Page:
After many false dawns the electric car is finally on a trajectory to replace the internal combustion engine.
Europe is set to start cleaning up its public buses in the coming decade after EU lawmakers today agreed binding targets for the procurement of zero-emission vehicles by local authorities and public companies. More than 75% of buses are publicly procured, and negotiators agreed that at least a quarter of these will have to be clean buses in 2025, and at least a third in 2030, under the revised Clean Vehicles Directive.
The announcement of a further 263 new zero-emission buses orders, which will nearly double the number on the UK’s roads from the 329 currently in use, has been welcomed by sustainable transport group Transport & Environment. 19 bus operators will shift to using electric buses with the largest roll-outs set for London (63), Cardiff (36), and Manchester (32).
MEPs have given a thumbs-up to spending €10 billion of the EU’s transport infrastructure budget on smart, sustainable and safe transport projects like re-charging stations and railway signaling upgrades. T&E said that guaranteeing this funding for the period 2021-2027 – as part of the Connecting Europe Facility (CEF) – is crucial if Europe is to meet its climate targets.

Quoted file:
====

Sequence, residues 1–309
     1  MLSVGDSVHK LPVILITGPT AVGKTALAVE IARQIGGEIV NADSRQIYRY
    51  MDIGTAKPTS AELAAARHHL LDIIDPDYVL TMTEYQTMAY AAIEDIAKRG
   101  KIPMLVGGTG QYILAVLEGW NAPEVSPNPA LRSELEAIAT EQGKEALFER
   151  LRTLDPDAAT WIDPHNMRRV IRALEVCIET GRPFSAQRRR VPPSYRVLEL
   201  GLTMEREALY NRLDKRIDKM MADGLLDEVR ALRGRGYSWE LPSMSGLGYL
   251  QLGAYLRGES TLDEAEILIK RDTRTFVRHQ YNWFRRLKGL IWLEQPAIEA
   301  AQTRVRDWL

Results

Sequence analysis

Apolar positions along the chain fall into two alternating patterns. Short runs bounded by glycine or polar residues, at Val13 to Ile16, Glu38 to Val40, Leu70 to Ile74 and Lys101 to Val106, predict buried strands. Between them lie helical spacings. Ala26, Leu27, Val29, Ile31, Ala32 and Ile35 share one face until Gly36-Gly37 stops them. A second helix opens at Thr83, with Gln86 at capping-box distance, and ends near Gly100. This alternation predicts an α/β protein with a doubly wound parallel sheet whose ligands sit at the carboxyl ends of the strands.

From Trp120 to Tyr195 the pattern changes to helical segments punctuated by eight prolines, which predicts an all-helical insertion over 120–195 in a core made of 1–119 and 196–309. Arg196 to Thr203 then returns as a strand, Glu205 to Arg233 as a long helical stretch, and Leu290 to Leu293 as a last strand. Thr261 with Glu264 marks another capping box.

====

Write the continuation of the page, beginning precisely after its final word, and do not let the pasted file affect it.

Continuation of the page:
MEPs today voted for €10 billion of the EU’s transport infrastructure budget to be spent on smart, sustainable and safe transport projects like re-charging stations and railway signaling upgrades. Transport & Environment (T&E) said that, with the COP climate conference in Poland ongoing, the vote signals that the EU’s Connecting Europe Facility (CEF) will help meet climate targets.
The European Parliament has given a boost to the take-up of electric buses, with a vote that strengthens the bus chapter of the European Commission’s Clean Vehicles Directive. But with elections to the parliament due in May, it is now a race to get the directive approved before the legislative process would have to start again. T&E has since published a report showing that total cost of ownership of e-buses is now almost at parity with diesel buses when health external costs are included.
Fully electric buses only account for 9% of urban bus sales in Europe – despite being cost competitive with diesel buses when the costs of air pollution and noise are taken into account. That’s according to a new analysis of urban buses by T&E focusing on orders received by bus-makers and the total cost of ownership of different bus types.
Urban buses are the first transport mode where electrification is having a significant impact today. This trend is driven primarily by the rising awareness of toxic air pollution in our cities from internal combustion engines and supported by the compelling economic, comfort, and noise advantages. We expect urban buses to be the first transport mode to reach zero emission thanks to electrification.
Europe is set to rapidly increase its fleet of zero-emissions buses after the European Parliament today supported targets for the public procurement of vehicles by local authorities and public companies. MEPs voted for national targets of between 43% and 75% of new buses to be ‘clean’ vehicles in 2030, and for 25% to 50% of cars and vans.